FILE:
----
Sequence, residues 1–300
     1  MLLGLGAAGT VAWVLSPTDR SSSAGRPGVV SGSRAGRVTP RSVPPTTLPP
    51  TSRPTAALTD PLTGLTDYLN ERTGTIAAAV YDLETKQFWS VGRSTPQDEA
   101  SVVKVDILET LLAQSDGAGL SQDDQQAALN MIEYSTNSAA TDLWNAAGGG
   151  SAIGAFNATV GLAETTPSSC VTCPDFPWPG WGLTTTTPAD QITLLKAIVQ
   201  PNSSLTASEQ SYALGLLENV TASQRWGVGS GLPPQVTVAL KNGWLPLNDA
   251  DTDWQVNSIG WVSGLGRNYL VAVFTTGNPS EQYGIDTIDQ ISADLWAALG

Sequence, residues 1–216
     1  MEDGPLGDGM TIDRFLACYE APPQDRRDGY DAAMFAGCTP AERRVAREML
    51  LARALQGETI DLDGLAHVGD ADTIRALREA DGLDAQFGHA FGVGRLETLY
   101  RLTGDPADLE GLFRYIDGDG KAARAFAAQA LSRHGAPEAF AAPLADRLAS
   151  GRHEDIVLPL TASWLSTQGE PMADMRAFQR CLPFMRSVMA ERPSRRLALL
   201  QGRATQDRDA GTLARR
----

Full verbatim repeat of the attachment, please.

Sequence, residues 1–300
     1  MLLGLGAAGT VAWVLSPTDR SSSAGRPGVV SGSRAGRVTP RSVPPTTLPP
    51  TSRPTAALTD PLTGLTDYLN ERTGTIAAAV YDLETKQFWS VGRSTPQDEA
   101  SVVKVDILET LLAQSDGAGL SQDDQQAALN MIEYSTNSAA TDLWNAAGGG
   151  SAIGAFNATV GLAETTPSSC VTCPDFPWPG WGLTTTTPAD QITLLKAIVQ
   201  PNSSLTASEQ SYALGLLENV TASQRWGVGS GLPPQVTVAL KNGWLPLNDA
   251  DTDWQVNSIG WVSGLGRNYL VAVFTTGNPS EQYGIDTIDQ ISADLWAALG

Sequence, residues 1–216
     1  MEDGPLGDGM TIDRFLACYE APPQDRRDGY DAAMFAGCTP AERRVAREML
    51  LARALQGETI DLDGLAHVGD ADTIRALREA DGLDAQFGHA FGVGRLETLY
   101  RLTGDPADLE GLFRYIDGDG KAARAFAAQA LSRHGAPEAF AAPLADRLAS
   151  GRHEDIVLPL TASWLSTQGE PMADMRAFQR CLPFMRSVMA ERPSRRLALL
   201  QGRATQDRDA GTLARR